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Smoke From A Burnt Cholla

September 22nd, 2010 · No Comments

The Bechdel Test was named for Allison Bechdel, whose comic strip Dykes To Watch Out For in 1985 measured the female presence in movies by employing three criteria: Are there two or more women in it, with names? Do the women talk to each other? About something other than a man? Far too many mainstream movies flunk this test, but in the month of September, I take a look at ten movies that pass.

The Burning Plain (2008)
Directed by Guillermo Arriaga
Written by Guillermo Arriaga
Produced by Walter F. Parkes, Laurie MacDonald
107 minutes

Pouring on the melancholy and infinite sadness, The Burning Plain has major credibility problems as well as a title problem, but nearly erases both with a cast and a visual sheen that would be the envy of just about any first-time director. After writing Amores Perros, 21 Grams and Babel, screenwriter Guillermo Arriaga ended his collaboration with director Alejandro González Iñárritu after Iñárritu let it be known that Arriaga had taken too much credit for the success of those films. Arriaga submitted his script The Burning Plain to Walter F. Parkes & Laurie MacDonald, the husband-wife team who once presided over film production at DreamWorks Pictures. Proposing that he be the one sitting in the director’s chair this time, Arriaga won financing from Todd Wagner and Mark Cuban, whose 2929 Productions, in association with Costa Films, put up the budget.

Shot over eight weeks in Chihuahuan Desert of New Mexico and in Portland for a budget of under $20 million, The Burning Plain screened September 2008 at the Venice Film Festival. It opened in Italy weeks later and was available in the United States via On-Demand cable in August 2009. In a few years, this film might become known as the screen debut of Jennifer Lawrence, who broke out in Winter’s Bone and gives a haunted performance years beyond her age. The stoic Charlize Theron is equally possessed, while directors of photography Robert Elswit (There Will Be Blood) and John Toll (Vanilla Sky, who Elswit recommended shoot the Portland sequences) bend light and shadow with technique that is nothing short of majestic. When it comes to the script, Arriaga has squeezed all the juice out of these solemn, multi-arc, multi-lingual melodramas and leaves fruit pulp.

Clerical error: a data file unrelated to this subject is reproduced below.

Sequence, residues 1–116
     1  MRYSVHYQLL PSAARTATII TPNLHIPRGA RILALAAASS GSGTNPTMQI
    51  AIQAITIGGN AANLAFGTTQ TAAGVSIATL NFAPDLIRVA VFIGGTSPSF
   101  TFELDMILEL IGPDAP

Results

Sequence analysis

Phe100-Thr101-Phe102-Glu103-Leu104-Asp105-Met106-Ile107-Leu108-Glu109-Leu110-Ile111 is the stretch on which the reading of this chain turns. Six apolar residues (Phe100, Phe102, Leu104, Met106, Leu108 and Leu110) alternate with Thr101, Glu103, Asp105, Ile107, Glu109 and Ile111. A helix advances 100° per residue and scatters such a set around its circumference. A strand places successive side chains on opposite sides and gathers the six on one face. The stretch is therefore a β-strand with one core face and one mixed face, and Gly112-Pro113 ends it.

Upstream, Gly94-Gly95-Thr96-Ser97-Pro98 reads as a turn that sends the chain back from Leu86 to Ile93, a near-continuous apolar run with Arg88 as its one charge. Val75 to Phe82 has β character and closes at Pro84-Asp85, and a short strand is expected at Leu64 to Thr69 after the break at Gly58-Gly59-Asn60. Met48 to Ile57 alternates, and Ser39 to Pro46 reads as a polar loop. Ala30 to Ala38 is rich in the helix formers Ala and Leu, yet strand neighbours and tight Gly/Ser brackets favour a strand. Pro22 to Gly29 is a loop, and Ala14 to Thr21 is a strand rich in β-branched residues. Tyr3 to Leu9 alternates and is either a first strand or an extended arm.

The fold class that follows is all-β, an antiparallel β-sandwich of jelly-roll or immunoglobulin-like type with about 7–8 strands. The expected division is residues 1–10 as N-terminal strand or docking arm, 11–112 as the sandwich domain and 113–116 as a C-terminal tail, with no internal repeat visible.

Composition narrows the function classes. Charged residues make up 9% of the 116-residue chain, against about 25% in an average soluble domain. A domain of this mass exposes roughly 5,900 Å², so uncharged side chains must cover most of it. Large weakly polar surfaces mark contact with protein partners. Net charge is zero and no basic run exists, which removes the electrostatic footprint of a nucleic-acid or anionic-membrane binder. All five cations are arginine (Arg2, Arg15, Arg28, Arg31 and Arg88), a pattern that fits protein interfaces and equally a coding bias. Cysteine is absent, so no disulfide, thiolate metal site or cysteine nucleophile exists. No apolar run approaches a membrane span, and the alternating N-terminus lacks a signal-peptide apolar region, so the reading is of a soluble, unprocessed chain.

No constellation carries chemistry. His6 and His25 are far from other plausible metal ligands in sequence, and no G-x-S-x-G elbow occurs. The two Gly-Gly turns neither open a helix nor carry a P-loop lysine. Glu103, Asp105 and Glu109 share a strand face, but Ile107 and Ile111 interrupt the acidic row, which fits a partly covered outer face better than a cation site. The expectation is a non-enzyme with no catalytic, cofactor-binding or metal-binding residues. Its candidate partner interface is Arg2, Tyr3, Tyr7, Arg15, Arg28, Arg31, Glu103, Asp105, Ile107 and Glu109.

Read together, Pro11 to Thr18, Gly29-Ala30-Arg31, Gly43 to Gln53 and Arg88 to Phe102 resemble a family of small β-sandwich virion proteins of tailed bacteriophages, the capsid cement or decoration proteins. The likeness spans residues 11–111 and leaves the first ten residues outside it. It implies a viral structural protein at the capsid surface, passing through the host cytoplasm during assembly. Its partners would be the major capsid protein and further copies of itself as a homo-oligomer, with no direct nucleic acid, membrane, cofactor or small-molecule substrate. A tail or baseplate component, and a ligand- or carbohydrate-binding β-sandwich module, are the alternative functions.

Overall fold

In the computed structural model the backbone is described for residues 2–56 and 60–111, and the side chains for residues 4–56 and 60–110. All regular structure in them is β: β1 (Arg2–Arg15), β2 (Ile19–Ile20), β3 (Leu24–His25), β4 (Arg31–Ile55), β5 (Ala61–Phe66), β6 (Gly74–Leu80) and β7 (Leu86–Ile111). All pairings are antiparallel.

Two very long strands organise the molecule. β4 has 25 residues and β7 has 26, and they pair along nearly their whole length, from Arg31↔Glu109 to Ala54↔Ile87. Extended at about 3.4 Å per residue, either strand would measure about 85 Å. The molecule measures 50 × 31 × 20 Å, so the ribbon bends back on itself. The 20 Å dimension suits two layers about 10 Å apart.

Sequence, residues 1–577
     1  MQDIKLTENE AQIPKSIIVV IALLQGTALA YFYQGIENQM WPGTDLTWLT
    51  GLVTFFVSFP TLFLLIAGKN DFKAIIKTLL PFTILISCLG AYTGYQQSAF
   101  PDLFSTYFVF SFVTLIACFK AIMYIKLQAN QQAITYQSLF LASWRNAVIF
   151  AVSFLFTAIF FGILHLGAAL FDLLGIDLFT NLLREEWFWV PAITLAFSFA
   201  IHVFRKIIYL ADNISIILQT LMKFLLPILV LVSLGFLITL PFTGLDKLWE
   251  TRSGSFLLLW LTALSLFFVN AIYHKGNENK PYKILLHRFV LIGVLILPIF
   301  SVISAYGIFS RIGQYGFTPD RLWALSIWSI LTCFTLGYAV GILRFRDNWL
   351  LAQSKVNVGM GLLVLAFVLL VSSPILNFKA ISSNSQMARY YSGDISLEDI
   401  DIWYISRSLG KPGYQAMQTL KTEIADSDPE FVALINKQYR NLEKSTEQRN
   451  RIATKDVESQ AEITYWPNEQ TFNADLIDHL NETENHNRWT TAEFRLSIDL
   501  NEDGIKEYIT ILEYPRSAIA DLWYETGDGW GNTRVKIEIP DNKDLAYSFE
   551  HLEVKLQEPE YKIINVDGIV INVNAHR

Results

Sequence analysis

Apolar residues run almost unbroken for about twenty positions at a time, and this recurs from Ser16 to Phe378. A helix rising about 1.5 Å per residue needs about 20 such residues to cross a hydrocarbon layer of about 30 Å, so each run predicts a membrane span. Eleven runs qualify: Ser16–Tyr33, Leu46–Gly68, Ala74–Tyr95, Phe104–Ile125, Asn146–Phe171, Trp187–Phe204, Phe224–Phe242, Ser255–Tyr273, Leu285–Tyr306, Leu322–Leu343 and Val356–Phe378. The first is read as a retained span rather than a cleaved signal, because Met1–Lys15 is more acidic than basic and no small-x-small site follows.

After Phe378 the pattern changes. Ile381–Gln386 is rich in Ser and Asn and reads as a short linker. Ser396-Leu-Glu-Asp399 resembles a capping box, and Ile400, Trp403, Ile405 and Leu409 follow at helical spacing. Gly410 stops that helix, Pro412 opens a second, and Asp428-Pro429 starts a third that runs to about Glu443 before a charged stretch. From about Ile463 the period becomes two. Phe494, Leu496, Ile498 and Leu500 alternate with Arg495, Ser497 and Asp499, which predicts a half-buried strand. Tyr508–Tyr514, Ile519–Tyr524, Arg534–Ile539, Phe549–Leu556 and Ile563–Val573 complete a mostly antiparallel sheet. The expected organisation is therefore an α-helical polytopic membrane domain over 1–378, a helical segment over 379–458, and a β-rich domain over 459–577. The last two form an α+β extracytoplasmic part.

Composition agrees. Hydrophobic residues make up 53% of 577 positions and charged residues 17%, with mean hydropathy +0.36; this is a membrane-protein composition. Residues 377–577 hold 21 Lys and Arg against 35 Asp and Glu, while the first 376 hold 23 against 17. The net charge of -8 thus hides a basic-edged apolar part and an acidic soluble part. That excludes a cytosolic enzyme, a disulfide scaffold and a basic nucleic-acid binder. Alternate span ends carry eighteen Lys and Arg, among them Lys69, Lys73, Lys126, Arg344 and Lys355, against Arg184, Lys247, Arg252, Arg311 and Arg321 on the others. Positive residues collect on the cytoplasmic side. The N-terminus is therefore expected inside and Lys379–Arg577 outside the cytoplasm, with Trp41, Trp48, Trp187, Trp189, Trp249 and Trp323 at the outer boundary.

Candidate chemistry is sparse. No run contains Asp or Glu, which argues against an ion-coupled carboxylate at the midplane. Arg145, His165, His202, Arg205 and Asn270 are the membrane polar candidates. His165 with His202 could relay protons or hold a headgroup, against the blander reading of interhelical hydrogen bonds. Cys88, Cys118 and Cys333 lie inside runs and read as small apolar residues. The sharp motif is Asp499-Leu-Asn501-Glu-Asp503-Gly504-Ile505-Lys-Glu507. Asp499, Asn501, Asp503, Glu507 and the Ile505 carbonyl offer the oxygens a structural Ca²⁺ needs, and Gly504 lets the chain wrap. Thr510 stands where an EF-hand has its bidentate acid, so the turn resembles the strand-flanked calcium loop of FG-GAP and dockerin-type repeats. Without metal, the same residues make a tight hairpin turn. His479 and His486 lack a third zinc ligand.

A trailer parked on a deserted plain is consumed by fire. Sylvia (Charlize Theron) manages a seafood restaurant perched along the Pacific Coast, where she marks time in an emotionless affair with a cook (John Corbett). Shuttled to work by a friend (Robin Tunney), Sylvia notices a stranger watching her. Back in the southwest, teenager Santiago (J.D. Pardo) inspects the remains of the trailer, where his father and mistress were burned alive. Santiago’s mother (Rachel Ticotin) sits out the funeral while the husband (Brett Cullen) of his late father’s mistress shows up to vent at the “wetbacks”. Santiago is much more interested in Mariana (Jennifer Lawrence), the teenage daughter in that family. Meanwhile, crop duster Santiago (Danny Pino), his 10-year-old daughter Maria (Tessa Ia) and partner Carlos (José María Yazpik) fly to a job.

Moving back in time, Nick (Joaquim de Almeida) reconnects with his mistress Gina (Kim Basinger). Sneaking away to a trailer Nick’s cousin has loaned them, Gina is still sensitive about her body following the loss of a breast to cancer. Back in what we believe to be the present, teenaged Santiago and Mariana overcome resistance by their families and get to know one another. Meanwhile, the crop duster suffers a crash. Moving back in time again, Mariana follows her mother to the trailer where she rendezvous with her lover. Recovering in the hospital, the crop duster dispatches Carlos to reunite Maria with her mother. In Portland, Carlos locates the woman, who has changed her name from Mariana to Sylvia and wants nothing to do with Maria. Moving back in time again, Mariana attempts to end her mother’s affair by setting fire to the trailer.

Rotten Tomatoes “Tomatometer” average among 6,129 users: 57% for The Burning Plain

Metacritic “Metascore” average among leading critics: 45 for The Burning Plain

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Tags: Brother/brother relationship · Coming of age · Father/daughter relationship · Midlife crisis · Mother/daughter relationship · No opening credits · Psychoanalysis · Small town

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